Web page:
Not everyone likes to use the phone or email to communicate. Some prefer a more instant means of communication, without all that hassle of having to hold a phone to the ear. To that end, chat is still king. With chat applications, you can connect in varied ways with users. Some applications allow you to quickly connect to users within your LAN while others allow you to connect to other chat services, such as AIM, Google Talk, Facebook Chat, and more.
But which of these apps is the right one for you and/or your business? Dare you venture out into the world of Google Apps? Or does a more localized tool better suit your needs? Let’s examine five different chat tools – on different platforms – that can help make the task of communication more efficient.
1 Google Talk
If you use Google Apps for your business, you’re already there. Google Talk (Figure A) not only has the ability to do standard chat, but can also handle video chat. What’s nice about Google Talk is that you can enjoy the service from within your Google Apps page, or using an installable desktop application. And with solid integration into Google Apps, Google Talk will help you to collaborate in ways most other chat services don’t allow. From the Windows client, you can transfer files and with seamless integration into your Google Contacts, you can easily add users into your chat lists.
Trillian (Figure B) requires you to create an account with their service; but once you have, you can then connect their very user-friendly client to Google Talk, Facebook Chat, AOL, Bonjour, ICQ, Jabber, Skype, Windows Live Messenger, and many more. Trillian offers two versions of their services: Free and Pro. With the pro version ($24.99/year) you enjoy cloud storage of chats, tech support, and no advertisements. Trillian clients can be found for Windows, Mac, iPhone, Android, Blackberry, and as a web-based app.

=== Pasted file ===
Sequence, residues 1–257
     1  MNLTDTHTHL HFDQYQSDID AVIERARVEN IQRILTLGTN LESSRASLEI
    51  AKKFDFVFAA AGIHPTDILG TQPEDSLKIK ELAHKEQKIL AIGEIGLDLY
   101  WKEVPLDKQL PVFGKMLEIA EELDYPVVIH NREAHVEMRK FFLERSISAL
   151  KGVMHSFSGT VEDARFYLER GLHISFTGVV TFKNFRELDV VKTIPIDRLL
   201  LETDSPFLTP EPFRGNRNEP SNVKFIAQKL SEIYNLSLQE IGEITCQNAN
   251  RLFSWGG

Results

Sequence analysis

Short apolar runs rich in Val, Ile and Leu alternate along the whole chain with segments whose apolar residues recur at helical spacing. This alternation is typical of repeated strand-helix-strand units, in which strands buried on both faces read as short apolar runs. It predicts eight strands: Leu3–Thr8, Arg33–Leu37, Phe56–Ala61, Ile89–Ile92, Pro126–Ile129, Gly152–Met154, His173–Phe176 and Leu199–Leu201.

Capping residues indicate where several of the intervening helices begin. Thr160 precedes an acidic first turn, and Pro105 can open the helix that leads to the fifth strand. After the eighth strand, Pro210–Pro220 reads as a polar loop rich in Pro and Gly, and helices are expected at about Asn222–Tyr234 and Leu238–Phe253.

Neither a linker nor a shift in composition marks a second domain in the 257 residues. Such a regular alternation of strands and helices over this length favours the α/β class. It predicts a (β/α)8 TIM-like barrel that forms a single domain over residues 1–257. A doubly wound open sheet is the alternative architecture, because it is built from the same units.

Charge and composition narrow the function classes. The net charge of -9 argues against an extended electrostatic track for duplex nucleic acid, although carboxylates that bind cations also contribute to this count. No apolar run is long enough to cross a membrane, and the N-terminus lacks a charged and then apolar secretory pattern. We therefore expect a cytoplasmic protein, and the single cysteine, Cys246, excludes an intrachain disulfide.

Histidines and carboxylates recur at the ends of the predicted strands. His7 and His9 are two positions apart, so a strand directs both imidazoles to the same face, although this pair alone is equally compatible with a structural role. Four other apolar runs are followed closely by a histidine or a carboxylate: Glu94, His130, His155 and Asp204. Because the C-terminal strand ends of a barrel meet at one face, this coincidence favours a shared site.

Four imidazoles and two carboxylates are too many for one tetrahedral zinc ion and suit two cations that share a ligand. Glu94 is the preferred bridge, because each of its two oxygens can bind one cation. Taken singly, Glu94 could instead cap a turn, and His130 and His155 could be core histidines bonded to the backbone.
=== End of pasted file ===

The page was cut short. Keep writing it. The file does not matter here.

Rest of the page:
Pidgin (Figure C) is referred to as the “Universal Chat” application – and with good reason. Pidgin can connect you to a host of services (such as: AIM, ICQ, Google Talk, Jabber/XMPP, MSN Messenger, Yahoo!, Bonjour, Gadu-Gadu, IRC, Novell GroupWise Messenger, Lotus Sametime, SILC, SIMPLE, MXit, MySpaceIM, and Zephyr), is cross platform, and can be extended with plenty of extra plugins. Pidgin also integrates into the Windows system tray as well as the GNOME 2, KDE 3, and KDE 4 notification areas.
Empathy (Figure D) is one of the few single-platform chat clients (Linux). Empathy offers a large range of features (such as file transfer for XMPP and local networks as well as Voice and Video calls using SIP, XMPP and Google Talk) and can connect you to your Google Talk (Jabber/XMPP), MSN, IRC, Salut, AIM, Facebook, Yahoo!, Gadu Gadu, Groupwise, ICQ and QQ, and many other accounts.
Beebeep (Figure E) is a unique chat client in that it’s primary use is chatting within a local area network. What makes this tool really great is that it doesn’t rely on a server. Anyone within a LAN can install Beebeep and immediately see one another. Beebeep allows you to create password protected chats as well as send files (securely) and even offers plugin support to extend the feature set. If you’re looking for the fastest route to inter-office chat – Beebeep is the solution.
People often don’t believe me when I say how important it is to have efficient communication within a business. And when messaging is mentioned as one of the most efficient means, the floods of doubt open up. However, until you’ve tried messaging within the company, you don’t know what you’re missing. Give one of these tools a chance to help you and your end users get the most out of collaboration and communication.